70 Years

I am 70 years old and for as far back as I can remember I have had migraine.

My childhood migraine experience

As a very small child, I had "abdominal migraines" which were days of stomach pain and throwing up. Traveling by car was a nightmare as I was always sick and dizzy by the end of the journey. At age 8, I was prescribed glasses because of the headaches I was always complaining of.

At age 12, I had my first visual aura - zig-zag lines appeared in my vision as I walked through a country lane, followed soon after by the first really powerful headache, creeping from the back of my neck over my head into my left eye, which sent me to bed for two days in a darkened room.

This was the nature of my headaches for the next forty years.

Post-menopausal issues

After menopause, I developed episodes of vertigo and other strange issues with my head - such as pressure, disequilibrium, derealisation, and fewer headaches - in a way this was worse as I never knew when the episodes would end. At least with a headache, there was an endpoint.

A different diagnosis

I was eventually diagnosed with vestibular migraine. I live in the UK and the medical treatment I have received has been pretty poor. I have been offered the usual medications - beta blockers, painkillers but nothing else.

How I manage

I have mostly researched the disease myself and have come up with ways of managing the symptoms. I am currently on a gluten-free diet - I think it works - less daily nausea for one thing - I also take vitamin supplements and did take magnesium for many years but have discontinued this as it caused stomach problems.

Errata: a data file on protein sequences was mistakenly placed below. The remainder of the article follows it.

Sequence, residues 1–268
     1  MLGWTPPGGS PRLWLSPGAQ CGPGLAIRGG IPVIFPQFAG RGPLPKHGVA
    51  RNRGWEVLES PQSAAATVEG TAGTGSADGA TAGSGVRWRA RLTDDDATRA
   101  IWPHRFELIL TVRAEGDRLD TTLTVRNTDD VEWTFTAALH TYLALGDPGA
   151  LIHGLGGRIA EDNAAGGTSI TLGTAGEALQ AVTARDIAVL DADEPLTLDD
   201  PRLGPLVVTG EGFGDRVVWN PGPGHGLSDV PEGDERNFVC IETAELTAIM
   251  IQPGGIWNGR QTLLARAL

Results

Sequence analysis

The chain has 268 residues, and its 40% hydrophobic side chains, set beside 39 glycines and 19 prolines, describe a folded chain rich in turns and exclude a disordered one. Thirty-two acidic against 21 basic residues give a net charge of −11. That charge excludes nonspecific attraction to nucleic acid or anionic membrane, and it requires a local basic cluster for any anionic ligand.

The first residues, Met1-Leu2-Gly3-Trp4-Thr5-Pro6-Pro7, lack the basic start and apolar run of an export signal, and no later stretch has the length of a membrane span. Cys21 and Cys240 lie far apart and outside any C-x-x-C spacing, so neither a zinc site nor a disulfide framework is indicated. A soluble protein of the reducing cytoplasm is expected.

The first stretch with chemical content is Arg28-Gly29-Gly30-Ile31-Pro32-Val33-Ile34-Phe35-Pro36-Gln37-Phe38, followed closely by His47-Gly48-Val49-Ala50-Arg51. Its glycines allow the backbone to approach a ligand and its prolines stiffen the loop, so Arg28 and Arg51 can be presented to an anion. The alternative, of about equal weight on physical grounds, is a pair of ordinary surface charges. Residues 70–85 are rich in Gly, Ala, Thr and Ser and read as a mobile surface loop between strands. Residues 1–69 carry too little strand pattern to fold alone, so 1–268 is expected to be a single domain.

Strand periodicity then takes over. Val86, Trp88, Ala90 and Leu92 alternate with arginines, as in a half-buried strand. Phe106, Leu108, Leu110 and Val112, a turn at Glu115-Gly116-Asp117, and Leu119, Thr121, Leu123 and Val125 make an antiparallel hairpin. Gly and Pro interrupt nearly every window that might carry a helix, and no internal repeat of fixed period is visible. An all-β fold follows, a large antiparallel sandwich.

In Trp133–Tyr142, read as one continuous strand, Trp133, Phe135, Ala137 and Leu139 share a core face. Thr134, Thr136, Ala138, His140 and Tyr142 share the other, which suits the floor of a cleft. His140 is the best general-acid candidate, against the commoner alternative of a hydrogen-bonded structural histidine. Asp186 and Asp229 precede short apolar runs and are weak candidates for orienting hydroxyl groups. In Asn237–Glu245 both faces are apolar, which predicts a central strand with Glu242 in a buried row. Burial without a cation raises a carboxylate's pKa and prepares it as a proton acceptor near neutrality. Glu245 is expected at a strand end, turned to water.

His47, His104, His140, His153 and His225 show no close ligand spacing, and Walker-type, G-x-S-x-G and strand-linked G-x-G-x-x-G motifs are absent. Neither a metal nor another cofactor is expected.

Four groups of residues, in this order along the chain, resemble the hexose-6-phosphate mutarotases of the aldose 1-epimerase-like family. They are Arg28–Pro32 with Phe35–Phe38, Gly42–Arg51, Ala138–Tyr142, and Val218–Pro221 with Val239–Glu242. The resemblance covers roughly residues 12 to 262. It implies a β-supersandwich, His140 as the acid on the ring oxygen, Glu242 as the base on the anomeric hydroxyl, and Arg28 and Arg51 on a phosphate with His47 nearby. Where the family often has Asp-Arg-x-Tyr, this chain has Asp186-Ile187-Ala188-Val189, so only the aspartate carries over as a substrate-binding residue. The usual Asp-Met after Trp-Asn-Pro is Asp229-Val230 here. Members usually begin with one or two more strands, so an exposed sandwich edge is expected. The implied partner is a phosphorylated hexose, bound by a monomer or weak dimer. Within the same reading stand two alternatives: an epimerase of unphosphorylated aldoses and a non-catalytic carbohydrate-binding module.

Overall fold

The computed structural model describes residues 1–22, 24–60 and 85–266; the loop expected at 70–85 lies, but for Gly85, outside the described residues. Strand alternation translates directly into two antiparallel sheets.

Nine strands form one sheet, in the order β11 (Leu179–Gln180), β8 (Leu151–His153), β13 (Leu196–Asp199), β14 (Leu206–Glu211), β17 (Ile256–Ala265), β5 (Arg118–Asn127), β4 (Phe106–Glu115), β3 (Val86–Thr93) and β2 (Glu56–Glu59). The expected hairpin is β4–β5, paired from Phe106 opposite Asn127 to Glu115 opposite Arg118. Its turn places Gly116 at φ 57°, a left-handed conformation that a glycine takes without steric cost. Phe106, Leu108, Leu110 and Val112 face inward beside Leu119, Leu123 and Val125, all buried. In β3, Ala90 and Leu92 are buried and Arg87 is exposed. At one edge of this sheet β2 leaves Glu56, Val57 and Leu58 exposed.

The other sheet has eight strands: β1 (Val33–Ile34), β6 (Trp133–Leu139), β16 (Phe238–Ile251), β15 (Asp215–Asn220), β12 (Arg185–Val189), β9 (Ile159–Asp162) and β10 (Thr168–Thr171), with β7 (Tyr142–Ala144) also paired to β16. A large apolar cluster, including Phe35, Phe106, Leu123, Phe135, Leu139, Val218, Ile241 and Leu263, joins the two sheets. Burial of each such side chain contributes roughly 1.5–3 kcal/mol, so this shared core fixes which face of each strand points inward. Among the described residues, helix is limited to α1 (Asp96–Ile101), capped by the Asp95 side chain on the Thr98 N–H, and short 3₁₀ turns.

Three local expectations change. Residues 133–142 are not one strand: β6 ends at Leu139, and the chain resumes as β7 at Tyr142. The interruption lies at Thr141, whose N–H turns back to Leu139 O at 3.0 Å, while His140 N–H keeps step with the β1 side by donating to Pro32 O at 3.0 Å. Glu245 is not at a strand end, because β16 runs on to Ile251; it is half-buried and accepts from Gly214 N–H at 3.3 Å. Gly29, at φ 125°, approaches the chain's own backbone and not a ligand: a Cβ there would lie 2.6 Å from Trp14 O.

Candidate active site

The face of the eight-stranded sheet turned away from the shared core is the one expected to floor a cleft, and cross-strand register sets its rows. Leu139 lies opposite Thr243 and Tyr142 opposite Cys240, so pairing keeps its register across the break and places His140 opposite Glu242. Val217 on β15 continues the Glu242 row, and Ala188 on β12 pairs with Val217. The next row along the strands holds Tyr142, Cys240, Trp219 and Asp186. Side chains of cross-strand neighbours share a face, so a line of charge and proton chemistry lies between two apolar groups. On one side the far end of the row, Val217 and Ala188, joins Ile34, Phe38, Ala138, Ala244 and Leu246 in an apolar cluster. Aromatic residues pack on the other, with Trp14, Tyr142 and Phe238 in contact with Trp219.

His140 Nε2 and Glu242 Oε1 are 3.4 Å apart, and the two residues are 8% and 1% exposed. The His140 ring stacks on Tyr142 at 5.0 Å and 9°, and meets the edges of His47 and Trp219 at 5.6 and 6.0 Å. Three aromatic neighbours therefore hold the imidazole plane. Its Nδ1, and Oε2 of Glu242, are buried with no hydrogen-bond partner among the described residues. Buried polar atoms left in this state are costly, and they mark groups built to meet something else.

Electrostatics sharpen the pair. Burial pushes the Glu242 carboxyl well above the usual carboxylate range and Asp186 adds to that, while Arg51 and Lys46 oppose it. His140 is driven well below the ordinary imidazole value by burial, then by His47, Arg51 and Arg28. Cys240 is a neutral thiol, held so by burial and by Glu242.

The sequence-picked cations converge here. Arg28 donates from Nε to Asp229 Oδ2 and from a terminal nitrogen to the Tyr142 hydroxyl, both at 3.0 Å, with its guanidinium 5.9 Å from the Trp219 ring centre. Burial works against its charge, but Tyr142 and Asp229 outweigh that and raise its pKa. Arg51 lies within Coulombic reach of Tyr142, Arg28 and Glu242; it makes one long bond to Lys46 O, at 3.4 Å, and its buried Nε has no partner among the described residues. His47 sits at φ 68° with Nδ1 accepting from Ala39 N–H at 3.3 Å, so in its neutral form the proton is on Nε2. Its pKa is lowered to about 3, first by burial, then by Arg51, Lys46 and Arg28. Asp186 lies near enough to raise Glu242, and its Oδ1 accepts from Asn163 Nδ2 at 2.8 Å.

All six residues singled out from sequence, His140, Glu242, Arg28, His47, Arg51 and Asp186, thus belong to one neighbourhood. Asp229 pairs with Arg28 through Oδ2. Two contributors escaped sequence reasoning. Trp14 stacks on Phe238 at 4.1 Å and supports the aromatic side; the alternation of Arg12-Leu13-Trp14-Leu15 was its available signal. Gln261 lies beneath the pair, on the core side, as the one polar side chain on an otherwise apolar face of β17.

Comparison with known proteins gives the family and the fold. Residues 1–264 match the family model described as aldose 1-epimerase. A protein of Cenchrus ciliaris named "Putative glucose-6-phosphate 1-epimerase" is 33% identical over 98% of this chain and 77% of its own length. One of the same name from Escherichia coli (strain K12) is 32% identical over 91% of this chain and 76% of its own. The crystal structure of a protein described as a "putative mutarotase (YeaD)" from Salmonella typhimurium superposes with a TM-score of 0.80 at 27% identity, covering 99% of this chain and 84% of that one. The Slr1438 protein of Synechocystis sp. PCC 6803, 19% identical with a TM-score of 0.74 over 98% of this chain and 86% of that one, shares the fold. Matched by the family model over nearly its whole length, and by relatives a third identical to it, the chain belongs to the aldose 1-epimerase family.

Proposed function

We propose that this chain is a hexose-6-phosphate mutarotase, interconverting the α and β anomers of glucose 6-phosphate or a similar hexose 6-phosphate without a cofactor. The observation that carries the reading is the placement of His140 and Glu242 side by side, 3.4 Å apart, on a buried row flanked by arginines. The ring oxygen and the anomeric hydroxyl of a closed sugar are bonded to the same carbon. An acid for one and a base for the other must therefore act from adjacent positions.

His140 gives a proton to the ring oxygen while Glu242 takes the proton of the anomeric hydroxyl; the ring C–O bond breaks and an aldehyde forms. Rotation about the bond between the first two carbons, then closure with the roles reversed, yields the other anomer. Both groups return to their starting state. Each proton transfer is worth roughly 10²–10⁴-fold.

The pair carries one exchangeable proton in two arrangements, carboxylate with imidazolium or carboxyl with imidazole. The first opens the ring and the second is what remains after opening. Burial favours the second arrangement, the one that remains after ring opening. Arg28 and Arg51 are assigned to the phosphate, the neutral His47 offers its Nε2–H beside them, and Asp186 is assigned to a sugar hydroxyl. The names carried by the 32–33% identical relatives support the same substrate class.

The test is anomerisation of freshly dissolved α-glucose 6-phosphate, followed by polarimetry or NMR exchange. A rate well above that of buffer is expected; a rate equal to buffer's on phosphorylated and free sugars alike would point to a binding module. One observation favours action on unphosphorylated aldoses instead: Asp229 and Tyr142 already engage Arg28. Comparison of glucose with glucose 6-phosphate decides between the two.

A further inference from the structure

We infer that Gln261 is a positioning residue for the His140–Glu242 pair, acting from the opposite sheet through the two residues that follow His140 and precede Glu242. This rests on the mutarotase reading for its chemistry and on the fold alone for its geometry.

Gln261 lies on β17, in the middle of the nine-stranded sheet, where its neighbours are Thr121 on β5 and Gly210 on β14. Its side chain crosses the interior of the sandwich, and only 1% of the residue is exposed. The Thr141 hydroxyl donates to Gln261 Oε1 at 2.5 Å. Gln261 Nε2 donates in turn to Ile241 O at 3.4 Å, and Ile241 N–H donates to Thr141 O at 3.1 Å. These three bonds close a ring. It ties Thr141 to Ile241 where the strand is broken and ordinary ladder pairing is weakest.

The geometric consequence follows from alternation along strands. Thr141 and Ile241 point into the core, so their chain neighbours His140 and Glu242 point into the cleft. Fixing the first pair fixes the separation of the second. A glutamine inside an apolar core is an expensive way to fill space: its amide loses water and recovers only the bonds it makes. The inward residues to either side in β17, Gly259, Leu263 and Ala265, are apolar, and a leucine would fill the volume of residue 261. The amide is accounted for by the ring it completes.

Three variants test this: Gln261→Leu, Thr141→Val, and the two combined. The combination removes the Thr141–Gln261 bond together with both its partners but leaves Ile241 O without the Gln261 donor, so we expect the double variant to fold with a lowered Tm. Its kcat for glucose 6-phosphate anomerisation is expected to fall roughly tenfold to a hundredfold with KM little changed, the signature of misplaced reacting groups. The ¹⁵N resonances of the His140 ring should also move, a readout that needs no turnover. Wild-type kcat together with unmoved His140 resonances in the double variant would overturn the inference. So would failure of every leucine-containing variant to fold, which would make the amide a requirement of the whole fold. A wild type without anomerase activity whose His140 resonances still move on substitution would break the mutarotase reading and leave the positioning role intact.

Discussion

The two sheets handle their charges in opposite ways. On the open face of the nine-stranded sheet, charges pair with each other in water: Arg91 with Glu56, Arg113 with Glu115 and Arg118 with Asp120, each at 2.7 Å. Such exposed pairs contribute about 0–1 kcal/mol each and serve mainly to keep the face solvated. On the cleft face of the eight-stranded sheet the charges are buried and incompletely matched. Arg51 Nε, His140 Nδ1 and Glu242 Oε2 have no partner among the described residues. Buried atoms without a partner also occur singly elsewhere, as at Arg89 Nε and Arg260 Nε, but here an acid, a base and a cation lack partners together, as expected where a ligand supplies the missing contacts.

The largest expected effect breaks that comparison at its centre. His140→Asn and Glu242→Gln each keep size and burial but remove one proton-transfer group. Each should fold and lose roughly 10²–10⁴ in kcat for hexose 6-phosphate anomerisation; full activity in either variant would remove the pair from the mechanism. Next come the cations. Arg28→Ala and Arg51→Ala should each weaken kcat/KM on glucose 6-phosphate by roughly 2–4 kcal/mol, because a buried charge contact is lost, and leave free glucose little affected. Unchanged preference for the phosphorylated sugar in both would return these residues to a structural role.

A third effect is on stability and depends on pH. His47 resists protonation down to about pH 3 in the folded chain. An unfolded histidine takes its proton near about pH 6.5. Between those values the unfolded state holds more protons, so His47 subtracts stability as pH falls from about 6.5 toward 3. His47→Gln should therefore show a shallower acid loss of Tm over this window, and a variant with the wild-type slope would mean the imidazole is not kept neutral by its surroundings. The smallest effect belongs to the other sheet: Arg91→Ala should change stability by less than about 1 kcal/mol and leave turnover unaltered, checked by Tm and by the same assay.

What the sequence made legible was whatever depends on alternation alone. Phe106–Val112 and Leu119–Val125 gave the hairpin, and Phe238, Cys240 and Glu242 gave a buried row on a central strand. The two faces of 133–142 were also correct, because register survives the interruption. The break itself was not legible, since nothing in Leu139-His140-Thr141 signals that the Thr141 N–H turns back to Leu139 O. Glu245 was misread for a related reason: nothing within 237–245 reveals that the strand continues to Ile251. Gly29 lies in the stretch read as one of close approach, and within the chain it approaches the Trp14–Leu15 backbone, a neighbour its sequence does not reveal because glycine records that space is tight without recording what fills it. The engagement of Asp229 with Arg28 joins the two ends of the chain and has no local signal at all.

Sleep is a big issue for me - too little or too much causes headaches, same with exercise! I wear migraine glasses for watching TV and computer work and these definitely make a difference. I wear sunglasses on sunny days or when the sky is bright. I limit shopping experiences because of chemical smells, too many people, too many objects, and too many flickering lights.

One thing that I have never managed to shake or treat, however, is the anxiety that inevitably comes with this disease. The fear of having a migraine attack, the fear when it comes, and the fear when it leaves because of the fear of another one.

Not letting migraine win

On the bright side, I had a successful academic career and traveled the world. Migraine is a pain in so many ways but it hasn't beaten me yet.

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